These new technologies are likely something your IT department has been looking at already. Talk to your IT leadership or if you have a tax technologist as part of your team, work with them. AI and Bots are the new “shiny” toy that IT likes to find a function to experiment with to see how it can work. You might not even have to go outside your company for technical resources. Also, don’t forget to get your executive leaders involved and get their support. One thing you should try to accomplish is a pilot or proof of concept at a low cost. If you can show a small success, they are likely to support a larger project.
Another suggestion from those that have gone through the process is to establish a governance process. Determine a nomination process as well as the evaluation process. Make the nominator detail the pain points, the current process and the benefits of converting the process to an automated process. The value or benefits might be quantitative, but they might also be qualitative. Make sure to ask for both on the nomination form.
In talking to some people that have implemented robotics and AI, their biggest challenge revolved around security. If you have a bot that needs to log into systems, you need to figure out how the bot can act like a person – particularly if you have two factor authentication. Can a bot generate a code on a phone to enter? It can – with a little creativity. One company actually has to assign the bot to a manager for HR purposes – he’s hoping there isn’t an annual review process that gets caught in a crazy loop!
Another concern that I often hear is that this is just a way to reduce headcount. Of course, that is always possible but companies that are really embracing AI and robotics sees it as a way to bring outsourced functions back in house at significantly lower cost and higher quality in a way that allows the human staff to focus on more fulfilling and higher value-added tasks. This might require the company to re-skill people. And of course, not everyone will be willing to learn new tasks and embrace the new technology. These people might not adapt and therefore they might not have a role in the new environment. But many companies are doing all they can to not have this happen. It is important to involve the impacted staff in the project and to communicate early, often and openly. This will allow them to get excited about the opportunity and reduce their stress and anxiety.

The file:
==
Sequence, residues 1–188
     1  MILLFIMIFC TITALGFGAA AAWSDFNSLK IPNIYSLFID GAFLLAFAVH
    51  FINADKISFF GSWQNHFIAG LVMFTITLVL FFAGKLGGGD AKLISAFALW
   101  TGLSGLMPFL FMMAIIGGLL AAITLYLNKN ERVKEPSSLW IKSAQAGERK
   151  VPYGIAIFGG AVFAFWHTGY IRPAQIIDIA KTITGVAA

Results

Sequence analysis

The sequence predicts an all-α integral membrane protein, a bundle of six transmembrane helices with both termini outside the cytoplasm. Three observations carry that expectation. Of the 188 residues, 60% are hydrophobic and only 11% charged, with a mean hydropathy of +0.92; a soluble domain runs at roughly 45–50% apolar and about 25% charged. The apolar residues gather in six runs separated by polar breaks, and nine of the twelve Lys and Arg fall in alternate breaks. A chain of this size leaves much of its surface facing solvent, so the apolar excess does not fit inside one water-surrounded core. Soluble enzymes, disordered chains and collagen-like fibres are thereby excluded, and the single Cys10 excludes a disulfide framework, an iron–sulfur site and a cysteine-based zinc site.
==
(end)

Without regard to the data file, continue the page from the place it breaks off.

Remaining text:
There are major benefits to incorporating tax automation, AI and bots into your company’s tax function. As mentioned above, you can expect to see fewer errors and less employee time spent on routine data collection and manipulation. Fewer errors can lead to reduced audit risk, less threat of consumer lawsuits, and cost savings across the company.
This frees you and your co-workers to focus on higher-level, more strategic projects. Which leads me to my final point on AI and robotics. While there are undoubtedly many potential benefits to using AI and bots in the tax function, it also raises a scary question. Can AI and bots make your job irrelevant? Maybe – but only if you aren’t willing to adapt.
In light of how AI and bots may have a sweeping impact on the world of sales and use tax, I encourage tax professionals to get ahead of the curve and develop additional job skills within your specialty.
If your job consists of a lot of routine data gathering and manipulation, you should consider what other skills you can bring to the table, such as tax research, higher level data analysis and strategizing. Because it is very likely that many routine data tasks will eventually be outsourced to bots.
Check out the following articles for additional information:
If your company has evaluated and even implemented some AI, Robotics or other advanced automation I would love to hear about it. Drop me a line if you would like to share your creativity and any additional guidance to those that might be just starting out.